I was born at 15 Currie Street in a modern prefab which had electric lights when most other houses still only had gas. We had an inside toilet and bathroom luxuries that others could only dream of then. At one end of Currie Street was Ponton Road, which is still there and which has taken over what was Currie Street, and Woodgate Street, at the other end Everet Street. We had the Nine Elms Rail goods yard on the South side, the gas works on the West Side, Friary Meux and Carlsburg on the East side. Carlsburg occupied what used to be a school for wayward boys and girls (shown on the map). Sandwiched between Currie St, Ponton St, and Woodgate St is a little triangle area, and although not shown on the map, there was the Crown Pub and next door to that was our little church, where I went to Sunday school. I recall one day I was smashing beer bottles, when I managed to insert the base of one of these bottles through my left foot, and nearly loosing my big toe. I was rushed to hospital in a Green Ford Consul owned by one of the managers of Carlsburg. I spent 6 weeks walking very painfully on one side of my foot as I couldn’t bend my big toe. One of the highlights of living there was the cricket matches between Carlsburg and Friary Meux; these matches were held in Belfour Street, and if I remember correctly, this is where George Shearing the blind jazz pianist also lived. I can remember when he played piano at the local kids party held in the house where previously the Suffragettes had there HQ in the early days. This house stood at the corner of Currie Street and Everet Street, and had three floors connected by a wooden staircase with cupboards on each stair landing. At the rear of the house was a small hall, and this was where the parties were held. We had a magician at one of the parties who made a cake out of drawing pins. My friends included Stephen and David Leonard; I went to John Milton School with these two and then there was David Evans who was about 4 years older than me. David Evans and I would practice Judo together, which we learnt from a book as there were no clubs to go to, dangerous stuff really. David, his sister and mother moved away so I don’t know what became of them. We had great fun building go-karts, and we would race them around the streets; I always had my black dog 'Prince' sitting in the back of my kart, which also pulled a cannon made from an old table with one of the legs being the barrel. At the junction of Everet Street and Woodgate Street was an old abandoned house that had a stable attached, this house was used by the French onion men as their home when they were taking onions to the market. They would cycle miles on their push bikes, with mounds of onions that they could barely see over. One of these men was a very good artist and he created silhouette drawings on the ceiling using candle smoke. One drawing was that of a bust of a young woman, and another was a three masted sailing ship - I remember these two in particular as they were my favorite ones. At the other end of Woodgate Street lived, I think her name was Mrs Dillery, every Sunday during the summer holidays she would hand out toffee apples to the kids, they were great I can still taste them. Our milkman was called 'Jaggi' probably his surname, he was from Switzerland and delivered our milk by horse and cart that got replaced by an open back vehicle. The laundry man would come round once a week and I would sit in the back of the van with the bags of clothing and put the name tags on the bags and as I was only 6 to 7 years old. These days the driver would have been arrested for doing that. We were the last family to move from that area in October 1961.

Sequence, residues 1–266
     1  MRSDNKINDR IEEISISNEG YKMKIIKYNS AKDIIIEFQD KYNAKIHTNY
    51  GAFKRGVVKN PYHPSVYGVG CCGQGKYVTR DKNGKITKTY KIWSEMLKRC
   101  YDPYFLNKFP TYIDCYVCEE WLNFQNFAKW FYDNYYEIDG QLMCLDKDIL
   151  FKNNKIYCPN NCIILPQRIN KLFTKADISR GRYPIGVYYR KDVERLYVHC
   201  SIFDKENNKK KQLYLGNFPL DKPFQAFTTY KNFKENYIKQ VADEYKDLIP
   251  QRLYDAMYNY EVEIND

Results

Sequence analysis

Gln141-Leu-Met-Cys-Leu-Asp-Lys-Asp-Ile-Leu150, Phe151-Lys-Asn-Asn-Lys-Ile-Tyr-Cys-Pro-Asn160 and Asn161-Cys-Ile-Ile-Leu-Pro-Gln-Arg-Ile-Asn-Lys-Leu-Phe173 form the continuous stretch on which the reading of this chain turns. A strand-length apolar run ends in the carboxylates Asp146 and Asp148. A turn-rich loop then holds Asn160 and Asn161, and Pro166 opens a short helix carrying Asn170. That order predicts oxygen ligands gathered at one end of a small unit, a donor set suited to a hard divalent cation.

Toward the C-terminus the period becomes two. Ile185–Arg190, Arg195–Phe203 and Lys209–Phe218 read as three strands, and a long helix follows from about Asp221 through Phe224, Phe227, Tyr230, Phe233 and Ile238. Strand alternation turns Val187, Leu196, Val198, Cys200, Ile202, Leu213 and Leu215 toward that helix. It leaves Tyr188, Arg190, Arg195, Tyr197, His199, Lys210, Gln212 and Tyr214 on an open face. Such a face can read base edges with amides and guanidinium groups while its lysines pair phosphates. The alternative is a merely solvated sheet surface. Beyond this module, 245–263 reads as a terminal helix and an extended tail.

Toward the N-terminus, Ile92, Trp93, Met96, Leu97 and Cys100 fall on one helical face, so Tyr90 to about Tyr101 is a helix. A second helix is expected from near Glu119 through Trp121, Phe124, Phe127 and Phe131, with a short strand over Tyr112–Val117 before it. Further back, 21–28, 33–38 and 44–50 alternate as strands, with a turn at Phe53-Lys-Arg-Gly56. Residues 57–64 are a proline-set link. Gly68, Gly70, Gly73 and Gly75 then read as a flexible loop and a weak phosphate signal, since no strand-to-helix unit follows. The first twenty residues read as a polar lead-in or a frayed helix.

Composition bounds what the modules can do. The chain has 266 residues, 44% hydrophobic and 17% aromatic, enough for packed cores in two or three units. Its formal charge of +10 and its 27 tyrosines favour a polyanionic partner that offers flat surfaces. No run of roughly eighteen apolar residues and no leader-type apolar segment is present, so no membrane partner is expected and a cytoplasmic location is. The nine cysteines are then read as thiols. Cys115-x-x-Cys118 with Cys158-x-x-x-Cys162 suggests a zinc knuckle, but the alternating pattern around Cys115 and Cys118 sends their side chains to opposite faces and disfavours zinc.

A memory shared byon May 28th, 2013.
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